Honorary awards

Kenneth Irving Turner

The degree of Doctor of Letters (honoris causa) was conferred upon Kenneth Irving Turner at the Faculty of Arts graduation ceremony held at 4.00pm on 30 May 2008.

Kenneth Irving Turner

Pro Chancellor John McCarthy QC conferring the honorary degree upon Mr Turner, photo, copyright Memento Photography.


Pro Chancellor, I have the honour to present Kenneth Irving Turner for admission to the degree of Doctor of Letters (honoris causa).

Ken Turner is a distinguished Australian scholar in politics and history.

In 1948 he gained a Bachelor of Arts and Diploma of Education from the University of Sydney, and then taught in state high schools in Maitland and Newtown. Reflecting the desire, manifested throughout his life, for more learning, he then enrolled first in a Bachelor of Economics, and then in a Masters degree specializing in Government.

He was soon invited to lecture at the Teachers College, and shortly after that in the Department of Government. He was a member of staff in this university for three decades, from the late 1950s until his retirement in 1988, as an Associate Professor. He served for more than a decade as a capable and judicious head of the Department of Government and Public Administration.

He quickly became one of the country’s leading experts on Australian, and especially New South Wales, politics. He taught in these areas, almost without interruption, for 30 years. A great many scholars teaching Australian politics at tertiary level in Australia at present owe a huge debt to Ken, as a teacher or as a mentor, and as a researcher who meticulously examined the detail of political life.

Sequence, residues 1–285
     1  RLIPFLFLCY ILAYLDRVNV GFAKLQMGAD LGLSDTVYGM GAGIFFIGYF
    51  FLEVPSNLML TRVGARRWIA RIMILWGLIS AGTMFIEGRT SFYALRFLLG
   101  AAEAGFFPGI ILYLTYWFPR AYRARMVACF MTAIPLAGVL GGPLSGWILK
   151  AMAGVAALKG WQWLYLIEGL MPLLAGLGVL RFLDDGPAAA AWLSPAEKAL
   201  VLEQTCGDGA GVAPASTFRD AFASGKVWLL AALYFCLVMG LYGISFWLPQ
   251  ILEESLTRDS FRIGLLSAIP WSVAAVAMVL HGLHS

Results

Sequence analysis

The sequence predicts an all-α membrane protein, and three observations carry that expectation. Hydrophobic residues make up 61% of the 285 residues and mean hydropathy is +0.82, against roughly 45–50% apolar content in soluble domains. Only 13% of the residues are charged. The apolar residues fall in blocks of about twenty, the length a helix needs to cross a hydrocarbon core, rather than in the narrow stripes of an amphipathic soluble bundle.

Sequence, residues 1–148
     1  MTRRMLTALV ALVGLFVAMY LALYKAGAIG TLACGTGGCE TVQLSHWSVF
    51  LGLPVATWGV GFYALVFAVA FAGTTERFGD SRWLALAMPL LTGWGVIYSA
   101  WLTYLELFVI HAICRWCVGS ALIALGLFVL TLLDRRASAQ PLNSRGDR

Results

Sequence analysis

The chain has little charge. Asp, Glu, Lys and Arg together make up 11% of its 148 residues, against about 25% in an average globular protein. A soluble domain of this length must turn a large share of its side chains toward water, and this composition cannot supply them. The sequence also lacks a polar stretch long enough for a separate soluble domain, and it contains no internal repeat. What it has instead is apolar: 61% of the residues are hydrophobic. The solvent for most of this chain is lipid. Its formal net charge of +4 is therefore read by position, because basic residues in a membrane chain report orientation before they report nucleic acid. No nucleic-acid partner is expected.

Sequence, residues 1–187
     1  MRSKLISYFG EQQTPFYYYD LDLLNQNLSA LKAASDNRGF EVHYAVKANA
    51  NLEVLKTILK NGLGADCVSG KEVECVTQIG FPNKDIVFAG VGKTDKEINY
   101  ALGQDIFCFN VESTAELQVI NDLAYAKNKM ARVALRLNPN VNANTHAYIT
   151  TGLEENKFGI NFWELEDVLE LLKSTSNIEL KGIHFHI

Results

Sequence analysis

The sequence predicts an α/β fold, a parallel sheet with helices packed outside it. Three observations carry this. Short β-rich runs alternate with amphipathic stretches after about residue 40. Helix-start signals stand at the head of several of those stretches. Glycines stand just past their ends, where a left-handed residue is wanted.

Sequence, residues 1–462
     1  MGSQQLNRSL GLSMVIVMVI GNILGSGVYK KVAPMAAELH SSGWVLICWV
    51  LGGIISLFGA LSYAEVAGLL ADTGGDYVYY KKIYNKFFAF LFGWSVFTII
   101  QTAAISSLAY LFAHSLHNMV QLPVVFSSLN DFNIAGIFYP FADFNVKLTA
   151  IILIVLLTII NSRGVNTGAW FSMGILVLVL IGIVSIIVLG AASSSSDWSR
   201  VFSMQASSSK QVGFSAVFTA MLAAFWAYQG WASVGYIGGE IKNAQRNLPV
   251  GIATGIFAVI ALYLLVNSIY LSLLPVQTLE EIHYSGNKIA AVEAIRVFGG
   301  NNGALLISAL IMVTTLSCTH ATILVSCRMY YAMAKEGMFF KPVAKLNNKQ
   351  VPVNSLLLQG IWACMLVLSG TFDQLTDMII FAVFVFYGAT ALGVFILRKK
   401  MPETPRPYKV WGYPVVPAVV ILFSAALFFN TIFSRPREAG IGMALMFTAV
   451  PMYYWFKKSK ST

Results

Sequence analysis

Perhaps as notable as the many achievements in Ken Turner’s scholarly career have been the prolific achievements during the period of what can only very inaccurately be termed his retirement. Especially significant has been his involvement as a central figure in the Committee for the Sesquicentenary of Representative Government in New South Wales 1856-2006. This committee was set up by the then Premier, Bob Carr, to produce what became a voluminous series of vital studies in the political history of New South Wales, to celebrate 150 years of responsible government in this state. Apart from the several books under his own editorship, almost every one of the twenty odd books produced so far in this enterprise was read in its entirety in manuscript by Ken, and greatly improved by his copious editorial suggestions, based upon his encyclopaedic and probably unparalleled knowledge of New South Wales parliaments and party politics.

Indeed Pro Chancellor, as you know, a future volume edited by Ken and Dr David Clune on the state’s governors will appear next year, some time after his 80th birthday.

I have great pleasure in presenting to you a proud and long serving member of this university after a life time in the furtherance of scholarship, for admission to the degree of Doctor of Letters (honoris causa), Kenneth Irving Turner, and I invite you to confer the degree upon him.